Ensembles and distribution functions. Classical gases and magnetic systems. Ideal Quantum Gases. Interacting systems. Real Space Renormalization group and critical phenomena. Quantum Statistical Mechanics: Superfluidity and superconductivity. Fluctuations and dissipation.
Lorentz transformations, Minkowski space, 4D vectors and tensors, kinematics and dynamics of special relativity. Riemann geometry, Christoffel symbols, covariant derivatives, geodesics, curvature tensor, Einstein equations. Classical experiments of general relativity, Schwarzschild solution, physics of black holes. Cosmology, Big Bang theory, gravitational waves. Instructor permission required.
In this multidisciplinary course, we will examine the basic science behind nanotechnology and how it has infused itself into areas of nanofabrication, biomaterials, and molecular medicine. This course will cover materials considered basic building blocks of nanodevices such as organic molecules, carbon nanotubes, and quantum dots. Top-down and bottom-up assembly processes such as thin film patterrning through advanced lithography methods, self-assembly of molecular structures, and biological systems will be discussed. Students will also learn how bionanotechnology applies to modern medicine, including diagnostics and imaging and nanoscale, as well as targeted, nanotherapy and finally nanosurgery.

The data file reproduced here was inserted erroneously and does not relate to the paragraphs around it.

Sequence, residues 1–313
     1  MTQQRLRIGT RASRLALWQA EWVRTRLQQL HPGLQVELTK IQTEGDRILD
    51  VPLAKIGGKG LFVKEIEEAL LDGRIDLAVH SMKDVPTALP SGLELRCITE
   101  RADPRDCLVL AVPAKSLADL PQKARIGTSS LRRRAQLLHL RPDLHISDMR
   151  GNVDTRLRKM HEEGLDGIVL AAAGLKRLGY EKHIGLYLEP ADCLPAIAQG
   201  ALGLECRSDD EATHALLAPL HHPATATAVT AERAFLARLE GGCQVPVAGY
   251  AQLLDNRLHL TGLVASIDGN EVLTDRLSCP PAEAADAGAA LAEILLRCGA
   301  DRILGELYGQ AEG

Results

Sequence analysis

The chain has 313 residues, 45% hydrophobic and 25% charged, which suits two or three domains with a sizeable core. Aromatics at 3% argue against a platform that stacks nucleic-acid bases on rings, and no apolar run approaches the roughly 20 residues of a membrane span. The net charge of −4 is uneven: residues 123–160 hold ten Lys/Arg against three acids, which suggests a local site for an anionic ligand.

This is the first of a two-part course designed to provide science and engineering students with the opportunity to investigate the underlying physics principles governing a challenging real-world problem. Problems are selected by each student based on her or his background and interest from a set of topics provided by the faculty. Experimental, theoretical, numerical techniques or a combination thereof are used, as needed, to develop new or improved designs, methodologies, devices, systems, or solutions. Prerequisite: Instructor permission required.